17 two consecutive dosing steps, to let unwanted molecules evacuate the chamber). The set of doses and purges represents an ALD cycle. By changing the number of cycles, it is possible to vary the thickness of the deposited film. ALD processes are often described in terms of their growth per cycle. Theoretically the growth per cycle (GPC) should be one monolayer per cycle but, in the practice, it can vary between 0.1 Å/cycle and 2 Å/cycle depending on process parameters, precursors reactivity, surface size and so on [18].

2.1.2 Binary ALD

The most part of atomic layer depositions requires the exposure of the substrate to only two precursors, let’s say A and B, often indicated as “reactant” and “co-reactant”: the sequence

“pulse A – purge – pulse B – purge” represents the cycle of the binary ALD, which is schematically portrayed in figure 2.1.

Figure 2.1: typical ALD process. (a) The substrate to be coated is placed in the reactor. (b) Precursor A is pulsed, and it reacts with the surface; (c) excess A precursor and reaction by-products are purged away. (d) Precursor B

is pulsed, and it reacts with the surface; (e) excess B precursor and reaction by-products are purged away.

(f) The cycle is repeated until the desired thickness is achieved [20].

2.1.3 ALD pros and cons

The advantages of ALD are several and the most important ones are listed below [21].

18 - It allows a precise thickness control at the Ångstrom level, due to the opportunity to

select the number of cycles.

- Films deposited by ALD tend to be very continuous, smooth and pinhole-free, since reactions develop completely during each cycle and no sites of the surface remain unfilled during film growth.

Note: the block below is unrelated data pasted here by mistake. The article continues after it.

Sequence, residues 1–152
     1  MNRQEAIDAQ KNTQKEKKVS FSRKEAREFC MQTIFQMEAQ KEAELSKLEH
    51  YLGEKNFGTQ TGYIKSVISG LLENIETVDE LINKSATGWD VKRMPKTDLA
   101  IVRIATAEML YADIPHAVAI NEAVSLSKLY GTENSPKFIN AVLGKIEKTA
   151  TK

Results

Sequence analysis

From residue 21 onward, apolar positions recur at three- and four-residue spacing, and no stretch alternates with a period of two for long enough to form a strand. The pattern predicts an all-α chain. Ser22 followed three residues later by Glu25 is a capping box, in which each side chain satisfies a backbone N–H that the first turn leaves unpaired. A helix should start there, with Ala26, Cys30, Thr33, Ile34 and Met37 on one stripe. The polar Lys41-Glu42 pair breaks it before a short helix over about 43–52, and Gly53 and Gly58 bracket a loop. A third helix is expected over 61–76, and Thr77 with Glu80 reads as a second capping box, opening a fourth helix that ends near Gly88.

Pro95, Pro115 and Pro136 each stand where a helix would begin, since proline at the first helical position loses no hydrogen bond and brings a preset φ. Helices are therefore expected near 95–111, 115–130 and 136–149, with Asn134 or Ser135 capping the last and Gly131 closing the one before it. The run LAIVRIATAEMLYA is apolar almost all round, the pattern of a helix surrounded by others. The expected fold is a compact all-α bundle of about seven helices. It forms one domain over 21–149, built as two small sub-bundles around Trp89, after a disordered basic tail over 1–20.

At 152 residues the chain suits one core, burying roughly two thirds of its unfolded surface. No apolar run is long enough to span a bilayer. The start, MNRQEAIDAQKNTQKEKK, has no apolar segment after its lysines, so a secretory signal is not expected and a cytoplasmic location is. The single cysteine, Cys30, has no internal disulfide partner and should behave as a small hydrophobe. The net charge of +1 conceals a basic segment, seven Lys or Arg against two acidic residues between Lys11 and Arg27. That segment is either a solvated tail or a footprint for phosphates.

- The self-limiting nature of the reactions produce an excellent coverage of the substrate, leading to films which result extremely conformal to the geometry of the underlying structures, even for complex and high aspect-ratio substrates. In other words, it is not a line-of-sight process (such as PVD), in fact even if some surface areas react before than others (for example because of inhomogeneous precursor fluxes), the global reaction between precursor and substrate won’t stop until it has reached completion even in the areas less exposed.

Miniaturization process in the semiconductor industry has led to the necessity of continuous, defect-free films that must be deposited with high conformality and controlled thickness. No other techniques could satisfy these requirements as good as ALD.

The biggest weakness of ALD is the slow deposition rate, which derives from the long times involved in pulsing and purging, as well as the layer-by-layer nature of the deposition itself.

Most ALD rates fall within a range of 100÷300 nm/h [20]. However, these rates strongly depend on the reactors design and the substrates (big and/or high aspect ratio substrates clearly need more time to be coated). CVD and PVD are certainly faster techniques, but they suffer from non-uniformity and non-conformality, respectively due to rapid surface reactions and shadowing effects.

2.1.4 Process parameters

The most important parameter in the ALD technique is the deposition temperature. ALD processes are carried at modest temperatures (normally below 350°C), more specifically in a well-defined range, which is denominated ALD temperature window and varies according to the precursors and the substrate involved [20].